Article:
Book sales are derived from a series of promotional efforts and strategies through multiple tools and channels, as well as the old fashioned word-of-mouth.
As more books are sold via digital platforms, I believe the role of the video book trailer will evolve, especially for younger generations.
For example, when I show my video book trailers to readers who are in the baby boomer generation or older, some (not all) struggle to keep up with the changing slides, read the words, or the music may be too much for their taste. I'll get comments like, "It went too fast." or "I'm still not sure what it's about."
However, when I do presentations at my daughter's school to a group of 14 and 15 year olds, I can tell them what the book is about, give them my TV-blurb, and no reaction. Yet, when I stop talking and show them the video book trailer, I get the WOW reaction. "That's cool!" or "Can we see it again?" or "I wanna read it!"
Think of your video book trailer as a teaser or a movie trailer to lure people into a story. A movie trailer entices people to want to "see something", while a video book trailer should make them want to "read something". Either way, whether it is a book or a movie, you are drawing them into a story. There is a saying in the publishing world, that Story is King - it's no different with video book trailers. Hook them with the story. After that comes the details.
Video book trailers are short (usually no more than a minute or so) videos that are essentially a ‘commercial’ for your book. A good video book trailer includes a number of multimedia elements including music, subtitles, imagery, and in more elaborate cases voice overs and custom-filmed action video. The goal of the video book trailer is, of course, to get the viewer to purchase the book.
In social media, you will hear marketers say it is all about content. Well, your video book trailer is all about the story--which is your content.
Here are a few unspoken rules about creating good, engaging video book trailers.
- Keep it short. Less than 2 min.
- Don't use annoying unprofessional voices. If you can't find someone with a compelling voice, stick to music.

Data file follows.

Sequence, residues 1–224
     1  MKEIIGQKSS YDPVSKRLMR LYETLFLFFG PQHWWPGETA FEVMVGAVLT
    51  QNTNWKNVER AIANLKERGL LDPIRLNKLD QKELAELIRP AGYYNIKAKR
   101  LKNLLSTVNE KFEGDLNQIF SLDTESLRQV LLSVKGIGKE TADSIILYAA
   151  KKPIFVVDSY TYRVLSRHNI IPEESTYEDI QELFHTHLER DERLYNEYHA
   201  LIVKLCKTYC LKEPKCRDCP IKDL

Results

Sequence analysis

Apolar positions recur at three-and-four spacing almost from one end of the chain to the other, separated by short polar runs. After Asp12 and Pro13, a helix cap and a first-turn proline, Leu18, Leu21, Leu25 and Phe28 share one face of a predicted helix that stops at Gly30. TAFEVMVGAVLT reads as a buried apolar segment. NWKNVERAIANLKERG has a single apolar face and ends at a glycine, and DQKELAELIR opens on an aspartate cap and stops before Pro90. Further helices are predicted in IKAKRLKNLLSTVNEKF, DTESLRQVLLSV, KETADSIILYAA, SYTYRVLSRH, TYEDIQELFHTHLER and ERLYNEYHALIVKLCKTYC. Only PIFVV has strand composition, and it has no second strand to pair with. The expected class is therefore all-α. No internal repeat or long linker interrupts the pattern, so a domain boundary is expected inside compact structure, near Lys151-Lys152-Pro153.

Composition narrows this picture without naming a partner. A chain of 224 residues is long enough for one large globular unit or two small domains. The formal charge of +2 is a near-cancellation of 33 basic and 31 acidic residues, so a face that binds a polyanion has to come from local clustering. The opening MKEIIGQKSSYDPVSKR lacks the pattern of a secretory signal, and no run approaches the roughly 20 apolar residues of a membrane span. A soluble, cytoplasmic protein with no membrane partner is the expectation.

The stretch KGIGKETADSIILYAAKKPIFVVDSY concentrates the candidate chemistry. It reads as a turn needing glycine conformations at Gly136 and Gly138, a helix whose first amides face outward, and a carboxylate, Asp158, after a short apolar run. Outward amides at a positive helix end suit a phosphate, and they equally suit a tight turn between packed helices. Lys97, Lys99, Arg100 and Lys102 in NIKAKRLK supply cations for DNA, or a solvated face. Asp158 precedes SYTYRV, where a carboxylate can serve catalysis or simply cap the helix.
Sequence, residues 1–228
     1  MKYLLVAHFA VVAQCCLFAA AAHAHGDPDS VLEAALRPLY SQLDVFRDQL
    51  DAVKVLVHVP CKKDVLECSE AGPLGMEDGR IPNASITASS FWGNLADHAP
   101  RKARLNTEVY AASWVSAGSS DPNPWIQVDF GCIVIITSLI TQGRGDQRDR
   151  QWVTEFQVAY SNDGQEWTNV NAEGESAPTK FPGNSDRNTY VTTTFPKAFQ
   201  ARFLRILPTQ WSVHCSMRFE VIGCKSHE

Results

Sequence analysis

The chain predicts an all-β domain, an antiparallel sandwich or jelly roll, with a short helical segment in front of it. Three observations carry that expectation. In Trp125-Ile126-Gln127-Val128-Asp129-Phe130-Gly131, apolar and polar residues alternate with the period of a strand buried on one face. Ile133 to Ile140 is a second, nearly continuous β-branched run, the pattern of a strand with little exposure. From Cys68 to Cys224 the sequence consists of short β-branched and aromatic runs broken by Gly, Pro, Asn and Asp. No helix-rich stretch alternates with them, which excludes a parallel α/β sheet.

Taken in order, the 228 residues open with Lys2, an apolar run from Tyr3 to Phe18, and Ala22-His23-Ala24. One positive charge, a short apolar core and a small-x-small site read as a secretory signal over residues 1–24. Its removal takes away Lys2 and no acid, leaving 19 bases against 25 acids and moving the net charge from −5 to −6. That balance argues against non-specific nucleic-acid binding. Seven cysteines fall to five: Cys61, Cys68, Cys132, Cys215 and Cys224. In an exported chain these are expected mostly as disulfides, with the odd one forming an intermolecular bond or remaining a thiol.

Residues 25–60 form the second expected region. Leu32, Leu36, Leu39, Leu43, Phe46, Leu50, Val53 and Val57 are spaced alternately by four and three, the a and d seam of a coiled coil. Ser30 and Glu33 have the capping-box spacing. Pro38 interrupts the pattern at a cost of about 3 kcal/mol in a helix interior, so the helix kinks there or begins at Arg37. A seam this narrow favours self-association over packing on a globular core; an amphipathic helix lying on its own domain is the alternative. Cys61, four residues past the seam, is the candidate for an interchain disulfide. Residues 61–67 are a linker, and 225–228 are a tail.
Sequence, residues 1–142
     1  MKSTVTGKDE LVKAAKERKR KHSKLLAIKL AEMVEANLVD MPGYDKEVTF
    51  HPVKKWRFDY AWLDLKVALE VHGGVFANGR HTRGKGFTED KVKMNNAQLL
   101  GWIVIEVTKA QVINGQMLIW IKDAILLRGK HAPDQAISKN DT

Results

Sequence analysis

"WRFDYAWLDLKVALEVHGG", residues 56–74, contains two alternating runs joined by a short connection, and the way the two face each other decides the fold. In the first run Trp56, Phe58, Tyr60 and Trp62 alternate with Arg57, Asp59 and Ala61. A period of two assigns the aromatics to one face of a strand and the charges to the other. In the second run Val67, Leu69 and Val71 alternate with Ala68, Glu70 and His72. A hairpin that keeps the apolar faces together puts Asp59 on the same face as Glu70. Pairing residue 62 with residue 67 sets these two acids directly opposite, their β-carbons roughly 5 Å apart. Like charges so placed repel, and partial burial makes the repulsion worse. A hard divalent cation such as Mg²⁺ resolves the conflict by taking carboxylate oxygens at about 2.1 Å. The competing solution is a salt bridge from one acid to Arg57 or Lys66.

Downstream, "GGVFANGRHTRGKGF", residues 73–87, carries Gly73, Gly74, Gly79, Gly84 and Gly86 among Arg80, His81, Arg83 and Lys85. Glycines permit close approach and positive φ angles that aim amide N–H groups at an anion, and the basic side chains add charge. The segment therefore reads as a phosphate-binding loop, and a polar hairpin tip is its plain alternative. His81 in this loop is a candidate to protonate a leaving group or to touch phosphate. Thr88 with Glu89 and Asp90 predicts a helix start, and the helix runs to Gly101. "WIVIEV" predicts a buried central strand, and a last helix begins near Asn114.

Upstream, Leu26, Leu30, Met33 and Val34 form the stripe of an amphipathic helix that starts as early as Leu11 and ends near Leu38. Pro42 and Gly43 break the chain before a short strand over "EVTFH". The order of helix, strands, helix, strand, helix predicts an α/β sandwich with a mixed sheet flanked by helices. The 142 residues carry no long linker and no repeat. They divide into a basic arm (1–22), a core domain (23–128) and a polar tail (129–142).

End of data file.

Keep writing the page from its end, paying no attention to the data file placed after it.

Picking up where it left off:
- Theme music to match your story. Try to time the frame transitions and movement to prominent beats and specific sounds.
- Photos and images with good resolution. They should not be blurry, pix-elated, or stretched out of proportion.
- Keep the frames moving at a steady pace. If you need a frame to hold for more than 2-4 sec so it can be read or narrated, you have too much text or narration. Cut the text to sound bytes or cut the narration in half.
- Make sure the text you use is large enough to read, a color that doesn't blend in with the image background, or use an insert slide if you must have the text.
- Have others view it before you upload it to YouTube or anywhere online. Be open to constructive criticism. Once you're video is out there - it's out there.
- Make sure it looks professional. You don't want a mediocre video giving readers the impression that your book is mediocre quality. You want them to be enticed to read your story after viewing the video, not be turned off by it.
Outside of Google, YouTube is the second most searched site on the web. This means your title, key words and description must be gripping and catchy. In order to keep your videos from being buried among the masses on the site, you need to upload it everywhere else possible. Besides YouTube, try uploading it to GoogleVideo, DailyMotion, Blip.tv, Christian Book Videos, GodTube. Your video book trailer will of course be on YOUR site and your publishers, right?
Take advantage of your personal accounts and upload it to your website/blog, online media kit, Amazon Author page, Facebook, Twitpic for Twitter, Behance for LinkedIn, Pinterest, Goodreads, Google+, and other social media sites where you may have a profile.
Did you make your own video book trailer? Are there any other sites you have found to share your video book trailers? Please share.